In United States v. Fischel, 686 F.2d 1082 (5th Cir. 1982) we held that the government must have some valid reason for withholding an informant's address when the informant may have information pertinent to the defendant's theory of defense. Id. at 1092-93. The government in this action opposed such disclosure on the ground that the informants were not "actively involved" in the transactions in question.13 While the accuracy of this finding is dubious in light of the consistent presence of the informants at all the significant meetings between the DEA agents and the defendants, we do not find any prejudicial error in the defendants' failure to get a pretrial interview with the informants.14 The defendants placed not only the two principal informants on the witness stand but the ex-girlfriend of one of the informants and her roommate as well, who were both privy to much of the informants' activities. Even assuming, however, that the defendants were wrongfully denied pretrial access to the informants, our review of their testimony convinces us that there was no information that the CI's could have revealed to the defendants that would have helped them make a showing of government overreaching or entrapment.
Along with their request for access to the confidential informants, the defendants also requested to inspect certain files maintained by the DEA on its confidential informants. We agree with the government's contention that defendants were attempting to use the subpoena duces tecum as a discovery device, which it is not. Bowman Dairy Co. v. United States, 341 U.S. 214, 220, 71 S. Ct. 675, 95 L. Ed. 879 (1951); Fed. R. Crim. P. 17(c). Under the plain language of Rule 16(a) the defendants were not entitled to:
[T]he discovery or inspection of reports, memoranda, or other internal government documents made by the attorney for the government or other government agents in connection with the investigation or prosecution of the case, or of statements made by government witnesses or prospective government witnesses except as provided in 18 U.S.C. § 3500.
Fed. R. Crim. P. 16(a) (2). Although the relevancy, much less the probativeness of the DEA files on the informants was at best attenuated, the court agreed to an in camera inspection of these files.15 Nothing helpful to the defendants turned up.
Defendants attack next three alleged instances of prosecutorial misconduct that prejudiced their defense. First, defendants maintain that the prosecutor lacked a good faith basis for asking three defense character witnesses whether they knew that defendants Snoddy and Gilbreth transported cocaine on a bus owned by them. Second, defendants claim that the prosecution intimidated a witness and pressured him to testify on the government's behalf. Third, defendants contend that the prosecutor made an improper closing argument. We will examine each contention in turn.
On the ninth day of trial defendants Gilbreth and Snoddy put on three character witnesses who had business dealings with these two defendants. Two of the witnesses, Scott Ray and William Phipps, bank officers at the Bank of Lexington and the Southern Bank of Lauderdale County respectively, knew defendants Snoddy and Gilbreth because of certain loans taken out by them through each of the banks.16 The third witness, Roger Pettus, was in the automobile business but also had overlapping business interests with defendants Snoddy and Gilbreth. One of defendant Gilbreth's businesses was the leasing of a customized bus to traveling music stars.17 The purchase of one particular bus was financed by a purchase money loan from the Bank of Lexington. Scott Ray, an officer of the bank, knew that the bus served as collateral for the loan but he did not know any specifics about the bus. William Phipps and Roger Pettus knew that one of Gilbreth's businesses was the leasing of this bus to music stars but knew little else about it.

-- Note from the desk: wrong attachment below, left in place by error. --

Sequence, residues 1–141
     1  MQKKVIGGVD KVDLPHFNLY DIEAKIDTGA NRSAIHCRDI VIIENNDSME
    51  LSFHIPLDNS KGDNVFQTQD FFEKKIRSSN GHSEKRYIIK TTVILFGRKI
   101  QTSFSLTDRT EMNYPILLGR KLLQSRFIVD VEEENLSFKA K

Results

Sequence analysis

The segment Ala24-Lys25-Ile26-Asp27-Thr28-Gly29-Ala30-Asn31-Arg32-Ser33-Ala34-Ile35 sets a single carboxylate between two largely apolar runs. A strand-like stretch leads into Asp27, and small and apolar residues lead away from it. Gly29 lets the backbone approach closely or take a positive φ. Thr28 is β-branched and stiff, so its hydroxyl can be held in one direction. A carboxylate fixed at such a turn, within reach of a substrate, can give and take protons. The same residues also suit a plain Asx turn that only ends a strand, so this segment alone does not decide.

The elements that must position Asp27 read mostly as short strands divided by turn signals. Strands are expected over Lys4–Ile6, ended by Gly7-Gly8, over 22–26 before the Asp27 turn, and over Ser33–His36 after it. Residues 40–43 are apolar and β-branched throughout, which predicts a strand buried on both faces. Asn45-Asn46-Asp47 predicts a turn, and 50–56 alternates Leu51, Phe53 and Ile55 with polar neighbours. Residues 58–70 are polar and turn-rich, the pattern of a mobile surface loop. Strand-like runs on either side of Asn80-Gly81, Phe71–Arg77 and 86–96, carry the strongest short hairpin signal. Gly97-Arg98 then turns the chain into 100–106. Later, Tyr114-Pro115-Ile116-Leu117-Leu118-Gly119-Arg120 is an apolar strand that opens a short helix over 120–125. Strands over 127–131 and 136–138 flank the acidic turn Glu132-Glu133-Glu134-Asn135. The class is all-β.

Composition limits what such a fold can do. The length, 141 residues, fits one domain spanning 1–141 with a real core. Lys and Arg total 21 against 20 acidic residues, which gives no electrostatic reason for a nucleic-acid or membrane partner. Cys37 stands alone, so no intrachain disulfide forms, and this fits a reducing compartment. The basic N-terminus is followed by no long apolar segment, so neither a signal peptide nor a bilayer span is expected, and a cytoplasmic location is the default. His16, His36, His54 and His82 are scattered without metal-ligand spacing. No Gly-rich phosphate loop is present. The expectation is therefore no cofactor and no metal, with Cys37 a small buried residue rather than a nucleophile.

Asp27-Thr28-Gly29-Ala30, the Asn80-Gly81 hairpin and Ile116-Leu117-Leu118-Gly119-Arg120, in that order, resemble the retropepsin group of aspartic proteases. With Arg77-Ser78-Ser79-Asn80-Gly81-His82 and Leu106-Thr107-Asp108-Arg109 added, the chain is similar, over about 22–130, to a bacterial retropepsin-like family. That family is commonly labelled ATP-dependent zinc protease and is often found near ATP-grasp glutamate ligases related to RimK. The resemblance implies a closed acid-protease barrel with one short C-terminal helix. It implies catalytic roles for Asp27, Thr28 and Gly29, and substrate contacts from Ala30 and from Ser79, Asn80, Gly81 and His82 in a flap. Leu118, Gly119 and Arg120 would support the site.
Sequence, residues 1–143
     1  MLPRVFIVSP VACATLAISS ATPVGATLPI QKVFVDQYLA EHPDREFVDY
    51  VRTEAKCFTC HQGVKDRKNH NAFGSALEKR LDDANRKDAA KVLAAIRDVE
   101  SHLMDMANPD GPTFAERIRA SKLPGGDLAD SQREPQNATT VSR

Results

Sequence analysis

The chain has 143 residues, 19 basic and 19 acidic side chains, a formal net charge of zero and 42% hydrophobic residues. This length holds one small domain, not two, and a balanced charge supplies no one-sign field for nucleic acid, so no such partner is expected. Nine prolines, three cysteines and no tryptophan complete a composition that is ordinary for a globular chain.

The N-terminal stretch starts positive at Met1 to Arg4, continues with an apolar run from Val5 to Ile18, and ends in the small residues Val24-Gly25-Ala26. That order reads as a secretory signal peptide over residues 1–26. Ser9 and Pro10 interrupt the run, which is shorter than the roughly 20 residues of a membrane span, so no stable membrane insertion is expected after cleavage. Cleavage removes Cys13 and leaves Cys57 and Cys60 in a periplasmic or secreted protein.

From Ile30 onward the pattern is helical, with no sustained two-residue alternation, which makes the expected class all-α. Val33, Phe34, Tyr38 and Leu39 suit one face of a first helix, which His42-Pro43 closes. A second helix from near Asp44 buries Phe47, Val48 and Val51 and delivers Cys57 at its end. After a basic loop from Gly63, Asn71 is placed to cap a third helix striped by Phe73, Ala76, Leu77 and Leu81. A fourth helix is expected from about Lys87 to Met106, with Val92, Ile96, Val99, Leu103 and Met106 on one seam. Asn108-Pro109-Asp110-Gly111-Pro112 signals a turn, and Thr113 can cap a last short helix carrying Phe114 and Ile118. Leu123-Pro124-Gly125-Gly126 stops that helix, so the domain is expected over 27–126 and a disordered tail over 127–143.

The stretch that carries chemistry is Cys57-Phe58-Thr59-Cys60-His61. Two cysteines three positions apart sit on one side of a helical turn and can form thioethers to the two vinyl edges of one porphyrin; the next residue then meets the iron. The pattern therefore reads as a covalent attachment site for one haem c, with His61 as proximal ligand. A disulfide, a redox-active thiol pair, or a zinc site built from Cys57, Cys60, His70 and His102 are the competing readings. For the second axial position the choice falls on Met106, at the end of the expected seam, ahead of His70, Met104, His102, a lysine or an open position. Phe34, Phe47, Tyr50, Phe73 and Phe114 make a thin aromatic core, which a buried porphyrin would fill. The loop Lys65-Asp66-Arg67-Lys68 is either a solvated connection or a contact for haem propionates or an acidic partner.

On cross-examination of Scott Ray, the prosecuting attorney asked the witness whether he knew if the bus was "used to transport large quantities of cocaine." Defense counsel reacted by questioning the government's good faith basis for suggesting that fact to the jury. The government intimated that it had a basis in fact for asking the question and that it would provide it to the court. Defense counsel did not object when the government asked substantially the same question of Roger Pettus and William Phipps.
At a post-verdict bond hearing for the defendants, the government produced two pictures that had been seized by Alabama law enforcement officers at the home of defendant Snoddy's brother pursuant to a search warrant for marijuana unrelated to the charges made in this case. The pictures depicted several persons inside some kind of vehicle handling what appeared to be cocaine. The court did not rule on this issue at the bond hearing.
This issue was taken up again several months later at a hearing on defendants' motion for new trial. Defense counsel placed the U.S. Attorney on the stand to elicit testimony about her good faith basis for having asked questions about the transportation of cocaine on a bus owned by defendant Gilbreth. At this hearing it developed that the pictures the prosecuting attorney relied on as a good faith basis had apparently been taken before Gilbreth had ever owned the bus. It turned out that the pictures had not been taken inside a bus, rather they apparently had been taken inside a converted railway car located outside the Chattanooga Choo Choo Hilton in Chattanooga, Tennessee and rented out as lodging by the hotel. The U.S. Attorney also testified, however, that she had relied on hearsay statements by certain Alabama police officers familiar with the defendants to the effect that defendant Snoddy had transported cocaine on busses that were leased out to music celebrities.